During the marijuana bonanza, a violent decade that saw the origins of drug trafficking in Colombia, Rapayet and his indigenous family get involved in a war to control the business that ends up destroying their lives and their culture.
In a popular suburb of Dakar, workers on the construction site of a futuristic tower, without pay for months, decide to leave the country by the ocean for a better future. Among them is Souleiman, the lover of Ada, promised to another.
Martin is a fisherman without a boat, his brother Steven having re-purposed it as a tourist tripper. With their childhood home now a get-away for London money, Martin is displaced to the estate above the harbour.
The story of the relationship between Karamakate, an Amazonian shaman and last survivor of his people, and two scientists who work together over the course of forty years to search the Amazon for a sacred healing plant.
In Monterrey, Mexico, a young street gang spends their days dancing to slowed-down cumbia and attending parties. After a mix-up with a local cartel, their leader is forced to migrate to the U.S. but quickly longs to return home.
Juan Daniel Garcia Treviño,
Xueming Angelina Chen,
Hoping that self-employment through gig economy can solve their financial woes, a hard-up UK delivery driver and his wife struggling to raise a family end up trapped in the vicious circle of this modern-day form of labour exploitation.
1945, Leningrad. WWII has devastated the city, demolishing its buildings and leaving its citizens in tatters, physically and mentally. Two young women search for meaning and hope in the struggle to rebuild their lives amongst the ruins.
Teenage commandos perform military training exercises by day and indulge in youthful hedonism by night, an unconventional family bound together under a shadowy force know only as The Organization. After an ambush drives the squadron into the jungle, both the mission and the intricate bonds between the group begin to disintegrate.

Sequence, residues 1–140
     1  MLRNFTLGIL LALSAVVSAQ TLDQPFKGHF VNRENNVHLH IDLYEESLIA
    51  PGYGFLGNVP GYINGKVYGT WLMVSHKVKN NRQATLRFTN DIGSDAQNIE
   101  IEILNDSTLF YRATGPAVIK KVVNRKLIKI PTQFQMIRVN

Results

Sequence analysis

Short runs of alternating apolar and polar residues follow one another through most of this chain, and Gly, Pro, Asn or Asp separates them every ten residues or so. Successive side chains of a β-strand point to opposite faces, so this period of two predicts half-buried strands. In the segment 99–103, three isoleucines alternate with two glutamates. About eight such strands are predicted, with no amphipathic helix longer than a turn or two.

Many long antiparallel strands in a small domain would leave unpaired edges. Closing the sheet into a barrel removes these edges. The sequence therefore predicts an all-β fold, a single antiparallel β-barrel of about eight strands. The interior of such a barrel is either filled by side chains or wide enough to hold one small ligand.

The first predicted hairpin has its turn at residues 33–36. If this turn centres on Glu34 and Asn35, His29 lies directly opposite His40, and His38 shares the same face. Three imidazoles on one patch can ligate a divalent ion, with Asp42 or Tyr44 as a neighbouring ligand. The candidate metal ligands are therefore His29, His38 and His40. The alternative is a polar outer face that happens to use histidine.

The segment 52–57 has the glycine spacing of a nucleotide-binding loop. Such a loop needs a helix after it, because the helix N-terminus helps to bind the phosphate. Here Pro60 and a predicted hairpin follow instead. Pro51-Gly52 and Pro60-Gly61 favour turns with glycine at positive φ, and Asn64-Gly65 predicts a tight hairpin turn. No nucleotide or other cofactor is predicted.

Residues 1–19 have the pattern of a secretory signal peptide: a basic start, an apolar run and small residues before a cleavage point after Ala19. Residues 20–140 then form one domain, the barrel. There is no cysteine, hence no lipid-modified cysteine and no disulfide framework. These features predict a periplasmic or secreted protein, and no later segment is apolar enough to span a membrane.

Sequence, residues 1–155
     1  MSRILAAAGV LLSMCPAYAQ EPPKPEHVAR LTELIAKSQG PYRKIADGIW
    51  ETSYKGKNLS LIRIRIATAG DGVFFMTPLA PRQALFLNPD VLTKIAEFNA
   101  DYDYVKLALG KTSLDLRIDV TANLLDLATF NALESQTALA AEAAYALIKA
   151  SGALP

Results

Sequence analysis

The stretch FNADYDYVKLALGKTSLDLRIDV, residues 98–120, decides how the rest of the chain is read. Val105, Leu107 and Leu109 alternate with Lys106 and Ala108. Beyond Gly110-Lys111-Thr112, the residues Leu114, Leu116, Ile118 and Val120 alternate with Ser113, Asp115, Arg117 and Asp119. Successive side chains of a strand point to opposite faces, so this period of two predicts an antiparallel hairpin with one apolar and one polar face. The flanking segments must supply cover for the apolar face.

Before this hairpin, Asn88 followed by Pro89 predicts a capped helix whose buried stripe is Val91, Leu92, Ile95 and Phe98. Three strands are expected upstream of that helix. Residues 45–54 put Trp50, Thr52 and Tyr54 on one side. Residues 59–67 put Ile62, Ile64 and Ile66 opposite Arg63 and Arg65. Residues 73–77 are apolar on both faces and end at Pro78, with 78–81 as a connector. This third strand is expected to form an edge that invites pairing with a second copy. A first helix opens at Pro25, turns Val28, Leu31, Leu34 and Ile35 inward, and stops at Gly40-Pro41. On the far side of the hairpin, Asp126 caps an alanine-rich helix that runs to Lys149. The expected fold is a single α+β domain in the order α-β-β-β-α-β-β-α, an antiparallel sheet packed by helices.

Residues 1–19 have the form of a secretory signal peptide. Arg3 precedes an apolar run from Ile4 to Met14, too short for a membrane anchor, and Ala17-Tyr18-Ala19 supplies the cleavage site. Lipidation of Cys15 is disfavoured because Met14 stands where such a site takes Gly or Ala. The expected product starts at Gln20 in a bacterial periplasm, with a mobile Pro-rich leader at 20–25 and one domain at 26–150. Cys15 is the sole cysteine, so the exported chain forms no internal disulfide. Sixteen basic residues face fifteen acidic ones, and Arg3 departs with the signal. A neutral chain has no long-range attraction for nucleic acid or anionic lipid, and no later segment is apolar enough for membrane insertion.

I see people saying you need to know about the Colombian context in order to truly understand this film. Maybe that is true to an extent, but the director deliberately removes any context that would tell you about the situation. That is for a reason. Because context is removed, you don't know who the characters are fighting for or why they're fighting. You can't say whether they are on the 'good' or 'evil' side, if there even is one at all.
From the get-go the film immerses you into their lives forcefully and vividly. You don't need to know what the wider context or motive is to understand the very human drama. What I see is children making decisions based on a range of factors: fear, power, pride. But I also see children who are missing vital components of a human's existence because of the war that forces them to think like robots at times. Paradoxically, they also have the freedom and lack of authority to let them run riot at times, manifesting in wild, irrational decisions and bizarre, disturbing rituals. This unnatural state of being, war plus lack of social structure, is the cause. Yet you do get glimpses of their youth being expressed in more innocent ways, that remind you that there is still some humanity buried in there.
I like that despite the situations the characters are in, Monos isn't bothered with making you pity them. It's interested in things other than that well-worn trope. It doesn't try to make you hate them either. Rather, it shows how they can do evil things, irrational things, and occasionally, good things. But ultimately, child or adult, war makes demons of us all.
Another thing that really hooked me into this film is the cinematography, which is at times beautiful but is foremost fixed on expressing the characters' emotions. During crazy ritualistic behaviour, it becomes frenzied. As the group becomes increasingly disjointed, the camera is increasingly disorienting too.
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